Wade Werbelow has some horsehair to find.
After reading recent reports that the incidents of tail clippings had seeped into Fremont and Sweetwater counties, in addition to Natrona and Converse, Werbelow decided it was time to talk to local law enforcement. Instead, they called him first.
“I just pretty much started my investigation this morning,” said Werbelow, an inspector for the Wyoming Livestock Board, on Wednesday. “We’re basically going to get a hold of all the counties that have incidents, gather information, keep track of it and see what we come up with.”
Werbelow said officials from the affected counties tentatively plan to meet next week and discuss any similarities in the recent events. The current ticker hovers near 100, with Natrona County shouldering the bulk of the shears at 61 horses. About 30 have been reported in Converse County, eight to 10 in Fremont and two in Sweetwater, according to authorities in the respective locations. Media reports indicated three more horses were cut in Campbell County earlier this month.
So far, officials from the Natrona County Sheriff’s Office say they have little to go on, as the dates, locations and colors associated with the haircuts have been sporadic, at best.
They recently compiled an incident occurrence map, intended to help visualize a pattern of events.
“This tells us the pattern is very random,” said Lt. Gus Holbrook. The few trends they noticed may have been those of convenience. Most of the horses lived in areas that were relatively obscure from any likely neighborhood watch, but within easy driving distance.
“We’re not getting any reports clear out in the country,” he said.
He’s also detected one curious quirk in timing. Holbrook pointed to a calendar in his office, which features highlighted cross-out dates of when the incidents occurred. Aside from one Friday and one Sunday, the equine barbers appear to enjoy taking the two days off. Saturdays and Mondays through Thursdays accumulated a disproportionately large share of neon pink ink in the past 60 days.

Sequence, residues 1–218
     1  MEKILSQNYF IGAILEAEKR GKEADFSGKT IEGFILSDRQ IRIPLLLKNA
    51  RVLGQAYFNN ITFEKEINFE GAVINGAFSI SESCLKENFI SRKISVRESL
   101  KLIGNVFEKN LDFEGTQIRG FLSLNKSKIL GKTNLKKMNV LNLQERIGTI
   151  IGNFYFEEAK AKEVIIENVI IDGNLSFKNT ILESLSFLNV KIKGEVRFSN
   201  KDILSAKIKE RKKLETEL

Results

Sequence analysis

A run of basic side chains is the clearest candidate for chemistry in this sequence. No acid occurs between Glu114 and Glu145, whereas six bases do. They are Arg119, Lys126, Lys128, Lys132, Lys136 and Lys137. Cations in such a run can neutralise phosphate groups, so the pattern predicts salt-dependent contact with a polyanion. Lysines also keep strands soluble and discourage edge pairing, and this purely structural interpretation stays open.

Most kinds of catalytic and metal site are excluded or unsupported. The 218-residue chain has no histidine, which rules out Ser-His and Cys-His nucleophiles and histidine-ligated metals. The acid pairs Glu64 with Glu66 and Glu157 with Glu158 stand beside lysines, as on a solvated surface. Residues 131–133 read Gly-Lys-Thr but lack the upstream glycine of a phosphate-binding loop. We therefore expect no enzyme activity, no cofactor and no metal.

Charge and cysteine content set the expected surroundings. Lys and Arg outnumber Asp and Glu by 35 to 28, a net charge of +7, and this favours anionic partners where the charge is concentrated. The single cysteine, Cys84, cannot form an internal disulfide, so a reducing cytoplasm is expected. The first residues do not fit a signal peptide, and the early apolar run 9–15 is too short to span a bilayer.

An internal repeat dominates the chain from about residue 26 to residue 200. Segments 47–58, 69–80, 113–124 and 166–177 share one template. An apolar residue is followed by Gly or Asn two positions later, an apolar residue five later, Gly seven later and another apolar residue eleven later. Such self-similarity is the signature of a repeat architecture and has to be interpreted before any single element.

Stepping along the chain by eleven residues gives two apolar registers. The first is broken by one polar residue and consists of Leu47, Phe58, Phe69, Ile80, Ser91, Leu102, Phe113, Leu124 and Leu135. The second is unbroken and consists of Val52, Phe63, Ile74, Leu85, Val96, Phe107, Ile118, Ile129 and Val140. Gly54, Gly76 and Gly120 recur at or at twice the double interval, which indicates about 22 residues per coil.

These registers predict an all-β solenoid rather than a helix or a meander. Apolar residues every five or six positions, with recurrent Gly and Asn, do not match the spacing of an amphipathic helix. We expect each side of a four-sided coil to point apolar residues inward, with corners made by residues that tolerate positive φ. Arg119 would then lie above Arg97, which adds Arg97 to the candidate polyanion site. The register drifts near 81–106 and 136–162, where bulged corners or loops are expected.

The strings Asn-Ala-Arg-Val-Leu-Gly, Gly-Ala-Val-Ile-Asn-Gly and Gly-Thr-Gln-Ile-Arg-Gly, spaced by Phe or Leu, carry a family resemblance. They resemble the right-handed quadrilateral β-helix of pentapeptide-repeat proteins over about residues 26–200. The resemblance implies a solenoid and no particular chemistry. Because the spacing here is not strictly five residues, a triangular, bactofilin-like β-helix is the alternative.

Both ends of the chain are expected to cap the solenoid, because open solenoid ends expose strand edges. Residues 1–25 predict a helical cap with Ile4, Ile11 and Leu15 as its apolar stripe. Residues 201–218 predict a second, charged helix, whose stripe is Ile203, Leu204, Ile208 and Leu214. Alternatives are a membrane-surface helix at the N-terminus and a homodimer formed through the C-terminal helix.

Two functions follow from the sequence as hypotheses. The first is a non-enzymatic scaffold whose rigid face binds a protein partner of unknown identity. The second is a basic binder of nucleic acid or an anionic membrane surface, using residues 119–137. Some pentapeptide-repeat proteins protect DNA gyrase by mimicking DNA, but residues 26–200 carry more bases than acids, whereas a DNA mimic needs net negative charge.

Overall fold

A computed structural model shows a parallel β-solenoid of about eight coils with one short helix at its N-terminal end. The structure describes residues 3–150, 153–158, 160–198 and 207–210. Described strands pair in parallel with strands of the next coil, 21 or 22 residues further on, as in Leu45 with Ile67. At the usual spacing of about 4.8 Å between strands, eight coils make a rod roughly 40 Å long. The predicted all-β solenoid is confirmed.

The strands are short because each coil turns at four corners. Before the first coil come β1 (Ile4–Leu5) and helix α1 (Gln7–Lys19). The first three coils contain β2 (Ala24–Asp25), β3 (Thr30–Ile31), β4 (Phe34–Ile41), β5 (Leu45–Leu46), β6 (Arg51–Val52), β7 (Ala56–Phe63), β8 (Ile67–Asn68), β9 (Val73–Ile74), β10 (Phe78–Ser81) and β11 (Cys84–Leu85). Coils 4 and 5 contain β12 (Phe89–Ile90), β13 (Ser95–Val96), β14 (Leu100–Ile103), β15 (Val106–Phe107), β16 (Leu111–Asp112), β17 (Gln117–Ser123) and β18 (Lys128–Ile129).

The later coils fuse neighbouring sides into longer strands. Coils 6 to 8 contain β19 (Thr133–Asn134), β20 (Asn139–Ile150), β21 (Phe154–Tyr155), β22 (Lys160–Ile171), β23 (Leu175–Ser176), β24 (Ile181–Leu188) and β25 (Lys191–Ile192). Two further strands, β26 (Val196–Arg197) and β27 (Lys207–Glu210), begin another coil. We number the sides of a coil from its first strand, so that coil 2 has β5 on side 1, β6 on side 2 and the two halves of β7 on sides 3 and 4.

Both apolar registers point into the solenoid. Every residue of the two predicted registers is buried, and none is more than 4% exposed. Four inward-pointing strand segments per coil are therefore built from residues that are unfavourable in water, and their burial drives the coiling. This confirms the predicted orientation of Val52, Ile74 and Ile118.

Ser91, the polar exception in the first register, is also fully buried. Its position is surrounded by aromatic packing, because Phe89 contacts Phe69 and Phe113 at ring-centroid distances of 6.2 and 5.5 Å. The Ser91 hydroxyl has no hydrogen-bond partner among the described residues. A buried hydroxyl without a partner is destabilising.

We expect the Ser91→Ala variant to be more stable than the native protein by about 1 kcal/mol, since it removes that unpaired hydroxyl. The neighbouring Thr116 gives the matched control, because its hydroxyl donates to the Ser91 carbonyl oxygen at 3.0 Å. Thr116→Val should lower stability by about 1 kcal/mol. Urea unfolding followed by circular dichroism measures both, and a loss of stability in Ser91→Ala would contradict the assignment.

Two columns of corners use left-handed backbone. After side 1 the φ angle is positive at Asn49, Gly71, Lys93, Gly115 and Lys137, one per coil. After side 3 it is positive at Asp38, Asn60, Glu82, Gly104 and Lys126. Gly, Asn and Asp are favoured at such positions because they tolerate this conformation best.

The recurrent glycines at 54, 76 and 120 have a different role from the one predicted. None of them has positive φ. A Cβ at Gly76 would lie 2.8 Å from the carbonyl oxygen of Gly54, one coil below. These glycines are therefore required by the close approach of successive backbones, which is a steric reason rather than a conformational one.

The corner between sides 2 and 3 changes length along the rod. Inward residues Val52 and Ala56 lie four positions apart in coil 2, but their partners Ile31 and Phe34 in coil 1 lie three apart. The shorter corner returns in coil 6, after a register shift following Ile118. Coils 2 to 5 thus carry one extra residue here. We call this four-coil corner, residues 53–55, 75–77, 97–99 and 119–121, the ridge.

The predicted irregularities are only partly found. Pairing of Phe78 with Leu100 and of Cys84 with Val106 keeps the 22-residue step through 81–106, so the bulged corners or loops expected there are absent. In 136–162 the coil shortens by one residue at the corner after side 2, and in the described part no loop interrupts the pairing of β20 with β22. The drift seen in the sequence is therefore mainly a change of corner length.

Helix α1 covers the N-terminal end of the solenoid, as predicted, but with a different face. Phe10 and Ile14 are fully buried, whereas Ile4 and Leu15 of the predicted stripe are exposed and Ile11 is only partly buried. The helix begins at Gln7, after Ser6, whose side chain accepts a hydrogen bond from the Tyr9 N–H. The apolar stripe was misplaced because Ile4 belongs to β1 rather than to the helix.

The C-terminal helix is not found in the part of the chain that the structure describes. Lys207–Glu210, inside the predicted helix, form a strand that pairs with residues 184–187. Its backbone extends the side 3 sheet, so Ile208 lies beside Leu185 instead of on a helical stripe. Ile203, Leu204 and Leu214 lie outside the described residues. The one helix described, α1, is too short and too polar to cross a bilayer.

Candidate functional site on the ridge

Holbrook said officials are following leads, but there are no suspects to date.
A black market?
“It’s a valuable commodity,” said Fremont County Sheriff’s Capt. Ryan Lee. Lee said while there are reputable businesses that buy and sell horsehair, “I’m sure there’s a black market out there, too.”
Although similar reports have surfaced around the country, and in previous years in Wyoming, many fail to recall an epidemic of this magnitude.
Pat Raia, equine welfare reporter for The Horse, said she reported on a few incidents in Massachusetts last year, but many assumed it was a local artist who used the hair to create his or her craft.
“If somebody’s stealing it in bulk, they’re probably selling it,” she said.
After the final 2007 closures of U.S. horse slaughtering plants, byproducts such as tails have waned in recent years, and many reputable horsetail sellers have shifted their focus to overseas suppliers.
“We get most of ours from China,” said Cheryl Litton, who works at Ohio-based M&M Turf Supply. “People have contacted us before and have said, ‘I have this big farm. I have all these tails.’ We say, ‘No thank you.’”
Import regulations require the tails have been cleaned, sanitized and purged of insects.
Some have speculated that the slaughterhouse closures could have triggered the black market.
“I can tell you there is probably a grain of truth to that,” said state Rep. Sue Wallis, R-Recluse, who hopes to build a slaughterhouse in Riverton by next year.
Wallis said horsehair prices have increased significantly since the closures, but she wouldn’t jump to the conclusion that the closures caused the illegal trade. Wallis said regardless of the premium, some people probably just look to make an easy profit.
Wyoming authorities hope to cut off the market soon.
Holbrook said there have been extra patrols in vulnerable areas, and he hopes the meeting with county officials will shed light on similarities. However, he said he is relying the most heavily on neighbors looking out for each other.